MESSAGE IN THE MOVIES
Directed by Michael Moore. Documentary.
There is a well-known curse: “May you live in interesting times”. There are days that I wish things weren’t quite so interesting, but it is clear that many people (including the church) are living in an age of anxiety (a description coined by W. H. Auden in 1947).
Michael Moore was an unknown reporter for regional newspapers when he made his first film Roger & Me in 1989, a movie that focused on how General Motors had left his hometown of Flint, Michigan destitute when it closed down its plant and moved jobs to Mexico.
Now everyone seems to know Michael Moore as a rabble-rousing celebrity, with his baseball cap and long hair. He made a name for himself with Bowling for Columbine (his 2002 Academy Award winning documentary on gun violence) and his 2004 critique of the Bush administration’s response to the Twin Towers tragedy in Fahrenheit 9/11. I can speak from personal and pastoral experience that the name “Michael Moore” spoken in Christian circles can divide a room quicker than Moses could part the Red Sea.
I am now persuaded that Moore’s films will always be a mixed bag of great investigative reporting, sloppy investigative reporting, sincere indignation, feigned outrage, partisan politics, unifying principles, helpful factoids, and shameless half-truths.
Fahrenheit 11/9 begins with an overblown funeral elegy regarding Donald Trump’s election as President in 2016 (and Hilary Clinton’s defeat), guaranteeing that Trump voters and Hilary “haters” will both tune out. This is an unfortunate editorial misstep, for the section of this film in which Moore returns to Flint and reveals the duplicity behind the events leading to city-wide lead poisoning in the Flint River water supply is disturbing and well-documented, showing that local and national leadership from both political parties (including President Obama) were culpable in creating a tragedy that never had to happen.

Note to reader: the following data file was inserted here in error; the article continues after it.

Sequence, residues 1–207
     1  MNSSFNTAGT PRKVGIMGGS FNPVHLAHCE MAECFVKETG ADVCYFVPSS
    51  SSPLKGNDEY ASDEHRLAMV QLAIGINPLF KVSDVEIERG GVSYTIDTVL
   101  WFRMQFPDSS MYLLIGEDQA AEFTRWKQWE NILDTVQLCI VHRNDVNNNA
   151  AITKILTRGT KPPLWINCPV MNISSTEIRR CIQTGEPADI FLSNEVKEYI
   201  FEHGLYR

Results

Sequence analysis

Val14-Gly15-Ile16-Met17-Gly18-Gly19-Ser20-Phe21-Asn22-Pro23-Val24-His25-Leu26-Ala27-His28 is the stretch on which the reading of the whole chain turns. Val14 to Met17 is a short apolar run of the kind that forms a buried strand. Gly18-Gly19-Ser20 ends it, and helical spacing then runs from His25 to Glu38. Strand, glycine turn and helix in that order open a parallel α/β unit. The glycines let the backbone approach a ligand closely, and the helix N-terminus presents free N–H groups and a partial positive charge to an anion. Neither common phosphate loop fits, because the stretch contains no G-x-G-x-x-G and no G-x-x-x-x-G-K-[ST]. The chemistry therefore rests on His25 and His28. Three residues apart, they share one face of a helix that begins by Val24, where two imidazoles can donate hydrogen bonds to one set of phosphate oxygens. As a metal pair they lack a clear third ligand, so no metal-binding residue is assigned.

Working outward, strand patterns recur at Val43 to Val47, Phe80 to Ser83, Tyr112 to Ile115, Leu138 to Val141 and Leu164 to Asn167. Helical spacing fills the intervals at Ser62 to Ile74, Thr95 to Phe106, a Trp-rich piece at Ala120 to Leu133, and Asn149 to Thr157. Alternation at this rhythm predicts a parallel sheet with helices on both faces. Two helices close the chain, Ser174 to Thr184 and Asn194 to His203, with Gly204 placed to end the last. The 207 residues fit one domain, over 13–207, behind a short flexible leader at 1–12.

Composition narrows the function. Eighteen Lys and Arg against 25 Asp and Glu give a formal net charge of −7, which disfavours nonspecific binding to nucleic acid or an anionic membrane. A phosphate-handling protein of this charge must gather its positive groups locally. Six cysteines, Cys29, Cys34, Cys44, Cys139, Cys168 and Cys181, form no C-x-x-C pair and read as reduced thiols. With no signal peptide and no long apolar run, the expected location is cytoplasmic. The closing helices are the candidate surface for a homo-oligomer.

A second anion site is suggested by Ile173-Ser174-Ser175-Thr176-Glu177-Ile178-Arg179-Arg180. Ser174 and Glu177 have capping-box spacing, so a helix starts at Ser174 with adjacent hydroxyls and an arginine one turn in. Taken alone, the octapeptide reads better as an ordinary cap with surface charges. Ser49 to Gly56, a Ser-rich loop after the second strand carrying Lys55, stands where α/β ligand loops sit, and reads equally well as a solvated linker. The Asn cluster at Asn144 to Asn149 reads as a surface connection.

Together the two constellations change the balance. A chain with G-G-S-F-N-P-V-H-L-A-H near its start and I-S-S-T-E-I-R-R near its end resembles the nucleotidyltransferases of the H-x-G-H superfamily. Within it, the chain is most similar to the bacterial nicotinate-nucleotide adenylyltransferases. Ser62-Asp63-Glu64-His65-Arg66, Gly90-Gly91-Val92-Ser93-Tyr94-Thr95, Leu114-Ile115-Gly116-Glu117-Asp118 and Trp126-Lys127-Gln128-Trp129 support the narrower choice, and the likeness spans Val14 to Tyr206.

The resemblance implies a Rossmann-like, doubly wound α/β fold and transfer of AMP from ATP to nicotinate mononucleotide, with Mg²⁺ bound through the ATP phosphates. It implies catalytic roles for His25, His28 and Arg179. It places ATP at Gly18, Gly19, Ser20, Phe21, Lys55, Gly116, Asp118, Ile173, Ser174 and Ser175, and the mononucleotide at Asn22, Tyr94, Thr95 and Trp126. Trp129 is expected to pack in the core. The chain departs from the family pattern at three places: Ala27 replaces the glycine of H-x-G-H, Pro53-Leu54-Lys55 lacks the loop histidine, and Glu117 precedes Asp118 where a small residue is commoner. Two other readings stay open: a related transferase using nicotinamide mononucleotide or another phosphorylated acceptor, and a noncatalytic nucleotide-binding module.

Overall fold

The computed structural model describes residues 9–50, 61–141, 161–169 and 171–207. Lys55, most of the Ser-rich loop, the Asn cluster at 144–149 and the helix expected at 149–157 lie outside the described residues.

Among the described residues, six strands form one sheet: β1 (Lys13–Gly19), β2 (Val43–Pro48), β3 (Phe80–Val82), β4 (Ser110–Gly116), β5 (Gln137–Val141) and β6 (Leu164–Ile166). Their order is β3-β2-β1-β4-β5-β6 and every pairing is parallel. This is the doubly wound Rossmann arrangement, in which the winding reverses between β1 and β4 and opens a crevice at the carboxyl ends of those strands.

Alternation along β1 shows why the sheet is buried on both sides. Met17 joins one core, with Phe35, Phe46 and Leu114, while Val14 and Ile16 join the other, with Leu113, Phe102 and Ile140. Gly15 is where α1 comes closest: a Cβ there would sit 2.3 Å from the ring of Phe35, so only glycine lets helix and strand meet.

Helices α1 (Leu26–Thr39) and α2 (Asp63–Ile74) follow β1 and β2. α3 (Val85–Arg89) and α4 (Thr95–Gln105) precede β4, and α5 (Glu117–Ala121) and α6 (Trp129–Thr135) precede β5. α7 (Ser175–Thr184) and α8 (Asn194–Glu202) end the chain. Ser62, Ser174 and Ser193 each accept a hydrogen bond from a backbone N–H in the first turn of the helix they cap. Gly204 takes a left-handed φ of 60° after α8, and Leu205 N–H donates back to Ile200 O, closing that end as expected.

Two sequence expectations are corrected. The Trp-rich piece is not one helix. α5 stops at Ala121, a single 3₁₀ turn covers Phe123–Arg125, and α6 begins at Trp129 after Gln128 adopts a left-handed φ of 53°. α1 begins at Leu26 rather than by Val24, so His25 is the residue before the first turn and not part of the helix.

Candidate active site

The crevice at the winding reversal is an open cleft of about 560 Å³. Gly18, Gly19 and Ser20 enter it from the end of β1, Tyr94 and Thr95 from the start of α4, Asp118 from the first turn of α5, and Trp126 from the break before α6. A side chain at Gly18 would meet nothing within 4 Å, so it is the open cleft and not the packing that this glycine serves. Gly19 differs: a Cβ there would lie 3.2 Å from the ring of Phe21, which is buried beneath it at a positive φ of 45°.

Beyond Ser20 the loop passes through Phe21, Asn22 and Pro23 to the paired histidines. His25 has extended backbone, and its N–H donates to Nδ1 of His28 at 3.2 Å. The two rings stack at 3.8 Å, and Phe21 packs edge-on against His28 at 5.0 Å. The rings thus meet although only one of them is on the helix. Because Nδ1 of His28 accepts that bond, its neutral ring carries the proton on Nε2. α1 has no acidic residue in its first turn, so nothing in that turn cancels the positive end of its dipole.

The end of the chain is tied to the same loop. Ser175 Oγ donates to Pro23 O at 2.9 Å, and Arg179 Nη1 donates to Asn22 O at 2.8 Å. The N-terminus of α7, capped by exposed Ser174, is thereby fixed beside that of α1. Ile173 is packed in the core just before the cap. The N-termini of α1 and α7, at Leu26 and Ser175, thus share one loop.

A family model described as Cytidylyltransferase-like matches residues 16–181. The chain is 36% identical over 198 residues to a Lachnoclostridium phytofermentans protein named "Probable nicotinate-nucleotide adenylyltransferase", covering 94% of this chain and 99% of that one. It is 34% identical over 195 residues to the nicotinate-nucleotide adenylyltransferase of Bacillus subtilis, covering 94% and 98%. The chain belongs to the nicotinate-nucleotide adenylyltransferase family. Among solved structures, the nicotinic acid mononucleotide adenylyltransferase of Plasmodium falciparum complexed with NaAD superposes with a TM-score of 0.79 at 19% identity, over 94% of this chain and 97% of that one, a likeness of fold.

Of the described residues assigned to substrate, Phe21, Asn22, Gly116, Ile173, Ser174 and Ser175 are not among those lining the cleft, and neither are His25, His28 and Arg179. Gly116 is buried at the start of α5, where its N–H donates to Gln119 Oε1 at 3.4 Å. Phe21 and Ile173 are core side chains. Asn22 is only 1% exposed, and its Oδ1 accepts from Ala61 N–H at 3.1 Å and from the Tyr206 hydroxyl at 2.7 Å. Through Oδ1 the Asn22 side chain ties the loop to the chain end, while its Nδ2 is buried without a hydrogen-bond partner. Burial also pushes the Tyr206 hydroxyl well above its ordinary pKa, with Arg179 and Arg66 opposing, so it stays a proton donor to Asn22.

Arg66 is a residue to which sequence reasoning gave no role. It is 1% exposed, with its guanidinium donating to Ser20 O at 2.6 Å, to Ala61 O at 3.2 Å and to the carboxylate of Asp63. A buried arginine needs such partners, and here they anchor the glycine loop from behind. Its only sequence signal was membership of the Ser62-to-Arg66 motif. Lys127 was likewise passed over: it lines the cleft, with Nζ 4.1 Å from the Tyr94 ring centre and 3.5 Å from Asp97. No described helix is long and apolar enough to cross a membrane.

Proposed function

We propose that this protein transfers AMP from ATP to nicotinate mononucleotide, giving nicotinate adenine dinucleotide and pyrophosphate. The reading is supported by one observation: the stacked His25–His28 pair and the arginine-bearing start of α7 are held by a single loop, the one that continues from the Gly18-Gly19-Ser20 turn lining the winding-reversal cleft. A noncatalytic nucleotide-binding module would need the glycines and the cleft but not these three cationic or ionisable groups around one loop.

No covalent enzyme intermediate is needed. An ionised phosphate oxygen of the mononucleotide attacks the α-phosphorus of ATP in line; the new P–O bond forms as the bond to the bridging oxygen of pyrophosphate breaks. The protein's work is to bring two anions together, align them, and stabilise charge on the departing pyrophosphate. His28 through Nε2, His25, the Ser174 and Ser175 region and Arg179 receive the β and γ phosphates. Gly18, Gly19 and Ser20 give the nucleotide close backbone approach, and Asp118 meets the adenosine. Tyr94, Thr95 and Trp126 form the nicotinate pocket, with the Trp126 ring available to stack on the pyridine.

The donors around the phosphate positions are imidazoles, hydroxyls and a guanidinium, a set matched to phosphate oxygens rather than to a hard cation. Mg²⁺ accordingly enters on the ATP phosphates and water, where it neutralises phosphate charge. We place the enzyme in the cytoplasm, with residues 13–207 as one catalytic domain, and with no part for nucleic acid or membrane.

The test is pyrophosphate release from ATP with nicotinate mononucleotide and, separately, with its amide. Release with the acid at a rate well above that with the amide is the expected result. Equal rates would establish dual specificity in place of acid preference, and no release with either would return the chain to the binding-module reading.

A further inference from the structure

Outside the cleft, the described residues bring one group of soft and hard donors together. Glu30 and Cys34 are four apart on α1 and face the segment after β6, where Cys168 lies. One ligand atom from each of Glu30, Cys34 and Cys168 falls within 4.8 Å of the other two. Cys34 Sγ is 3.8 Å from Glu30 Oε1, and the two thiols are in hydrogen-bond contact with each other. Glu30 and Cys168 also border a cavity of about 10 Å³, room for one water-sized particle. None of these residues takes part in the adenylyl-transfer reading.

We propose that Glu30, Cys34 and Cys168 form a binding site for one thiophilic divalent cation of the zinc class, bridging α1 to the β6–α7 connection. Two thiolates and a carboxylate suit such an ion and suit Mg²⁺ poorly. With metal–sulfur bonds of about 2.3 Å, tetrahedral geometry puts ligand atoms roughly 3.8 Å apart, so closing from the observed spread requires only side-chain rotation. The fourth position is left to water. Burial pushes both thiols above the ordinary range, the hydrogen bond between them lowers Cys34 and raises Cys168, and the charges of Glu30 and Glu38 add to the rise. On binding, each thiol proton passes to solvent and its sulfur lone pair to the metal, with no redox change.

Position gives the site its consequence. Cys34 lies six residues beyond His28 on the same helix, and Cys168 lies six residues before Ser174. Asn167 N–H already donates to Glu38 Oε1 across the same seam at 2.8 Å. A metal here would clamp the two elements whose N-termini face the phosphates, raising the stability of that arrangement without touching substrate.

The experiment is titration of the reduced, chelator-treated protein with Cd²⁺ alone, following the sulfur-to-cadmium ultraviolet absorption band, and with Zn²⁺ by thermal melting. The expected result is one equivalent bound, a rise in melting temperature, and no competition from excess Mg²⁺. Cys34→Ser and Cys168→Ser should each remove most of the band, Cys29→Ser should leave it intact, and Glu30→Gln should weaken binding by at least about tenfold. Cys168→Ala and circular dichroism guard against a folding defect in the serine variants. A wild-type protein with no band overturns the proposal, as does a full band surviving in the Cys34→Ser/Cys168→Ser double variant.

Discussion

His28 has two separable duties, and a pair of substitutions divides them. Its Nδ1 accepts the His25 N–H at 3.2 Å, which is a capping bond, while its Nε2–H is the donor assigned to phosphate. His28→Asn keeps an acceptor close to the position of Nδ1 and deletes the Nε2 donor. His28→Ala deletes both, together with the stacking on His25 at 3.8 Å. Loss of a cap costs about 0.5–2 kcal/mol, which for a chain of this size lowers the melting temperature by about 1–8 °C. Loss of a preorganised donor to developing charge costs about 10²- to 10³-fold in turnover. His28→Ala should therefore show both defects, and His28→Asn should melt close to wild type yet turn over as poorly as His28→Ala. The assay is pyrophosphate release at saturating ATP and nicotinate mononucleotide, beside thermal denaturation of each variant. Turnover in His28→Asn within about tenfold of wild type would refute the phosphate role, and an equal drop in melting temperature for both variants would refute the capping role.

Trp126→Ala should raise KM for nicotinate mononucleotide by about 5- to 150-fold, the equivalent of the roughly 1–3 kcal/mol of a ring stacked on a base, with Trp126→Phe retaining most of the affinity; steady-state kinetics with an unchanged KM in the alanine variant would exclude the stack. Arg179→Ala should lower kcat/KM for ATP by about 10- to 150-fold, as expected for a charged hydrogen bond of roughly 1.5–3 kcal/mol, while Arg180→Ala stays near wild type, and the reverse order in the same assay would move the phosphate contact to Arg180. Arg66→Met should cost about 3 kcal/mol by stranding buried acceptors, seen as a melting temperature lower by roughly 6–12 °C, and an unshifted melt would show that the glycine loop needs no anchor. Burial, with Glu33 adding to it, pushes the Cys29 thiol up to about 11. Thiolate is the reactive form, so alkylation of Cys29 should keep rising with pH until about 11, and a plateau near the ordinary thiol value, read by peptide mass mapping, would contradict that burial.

The film’s depiction of young progressive politicians running for office is quite inspiring (although it would have been great to see this balanced with thoughtful conservative voices) and the film’s thesis that democracy needs fixing is something that the majority of folks from both sides of the aisle would agree on.
It is a sad commentary that our denomination’s focus on social justice has been compromised by our current political divide. You may or may not care for Michael Moore’s methods (I’m certainly not all in) but as followers of Jesus who proclaim the reign of God in which everyone in valued and accepted, we need to listen to this film’s call to action. If we want to persuade people that Christ matters, the world needs to see the love of Christ in us. Every day is a new opportunity for us to widen the circle of grace and remove the line in the sand.
Halo and Pitchfork Rating:
Three halos: A subjective but impassioned call to action for justice and democracy.
Three pitchforks: Occasional swearing; outright deception and corruption by political leadership; frequent lapses in reportage; manipulative images approaching propaganda.
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Rev. Bruce Batchelor-Glader
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